Where else in the world would one become intoxicated with the smells that waft through every doorway, every narrow alley, every open square and most assuredly, through every house as taste, smell and companionship gather its citizens to commiserate over food?  None other than Morocco. We find ourselves drawn in.

The view from the rooftop of the restaurant.

Yes, the Internet is slow as I sit here now struggling to load photos to share with our readers. 

Yes, no more than 30 seconds from our door we’re bombarded with persistent crowds and barking vendors. 

Yes, the language barrier is a struggle even with my limited French when lovely people such as Madame Zahra only speaks the Marrakech dialect Arabic for which Google translate offers no solution.  Yes, for this long term stay, its not easy.

Many of the vendors lit their displays with visually appealing lighting for the best
advantage for their offered merchandise.
Its from these very challenges that we grow, we adapt and, in our advancing age, we learn more than we ever imagined we’d be learning at this stage in life.  For us, it’s a heck of a lot better than sitting in a high rise waiting to watch “The View” and “Dr. Oz” each day, as we so easily could have done had we chosen another route for our lives after retirement.
This hotel has one of the many restaurants we will try soon.

Instead, Tom spends time each day when we’re not exploring, continually piecing together his ancestry and his varied investments. And, with my ceaseless entrepreneurial spirit in tact I have a website that magically turned into a lifetime dream of writing with adequate fodder to attract a population of readers worldwide.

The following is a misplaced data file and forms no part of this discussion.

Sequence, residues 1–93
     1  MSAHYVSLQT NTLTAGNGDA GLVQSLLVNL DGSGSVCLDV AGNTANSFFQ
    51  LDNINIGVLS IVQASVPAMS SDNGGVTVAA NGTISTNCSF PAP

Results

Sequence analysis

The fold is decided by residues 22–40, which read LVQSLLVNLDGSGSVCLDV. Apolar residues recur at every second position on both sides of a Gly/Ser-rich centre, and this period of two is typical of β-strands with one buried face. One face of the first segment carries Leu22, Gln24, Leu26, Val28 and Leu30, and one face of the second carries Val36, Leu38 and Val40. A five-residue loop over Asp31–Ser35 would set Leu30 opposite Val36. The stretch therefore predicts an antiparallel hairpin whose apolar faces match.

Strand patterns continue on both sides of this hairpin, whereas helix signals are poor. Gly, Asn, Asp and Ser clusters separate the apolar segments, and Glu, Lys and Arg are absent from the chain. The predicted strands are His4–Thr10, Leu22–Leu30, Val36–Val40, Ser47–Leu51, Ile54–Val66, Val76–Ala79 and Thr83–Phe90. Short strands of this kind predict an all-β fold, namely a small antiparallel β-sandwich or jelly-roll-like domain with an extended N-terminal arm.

After leaving the restaurant, back on ground level, we found an area we’d yet to see, the dining tents.  As we walked by each “booth” we were bombarded by salespeople encouraging us to dine at their station. Each was numbered to ensure one could find the one they’d preferred the next night. These stations are put up and taken down each day to make room for the daytime vendors, a daunting task for the owners and staff.

How ironic that the business spirit that I’ve always possessed has turned into a website with big advertisers without forfeiting the personal perspective that we willingly share each and every day. 

Although I’d just eaten my dinner salad, my mouth watered over these confections. Sweet
desserts are everywhere, none of which I can have nor Tom is interested in.  He prefers a plain cake donut.  

How ironic that my disdain for taking photos up until May of 2013 when we started using the newer camera, would magically turn into a passion for me and for Tom with his great eye for good story telling shots and me, with my determination for a clear and concise angle.

Today, our photos tell more of the story of this “magic carpet like” city as we continue to plan further explorations over the next few months which we’ll joyfully share with you once they are confirmed. 

Each station had a slightly different theme but most, maintain the use of the popular  spices savored in Morocco.

For now, we continue on, with open hearts, inquisitive minds and an impassioned spirit to discover what more this unique environment has to offer.

Mostly tourists, these picnic tables were filled with a hungry captive audience.  We’ll stick to the restaurants which tend to use fresher refrigerated foods.  In any case, it was exciting to walk through this area to see what it was all about.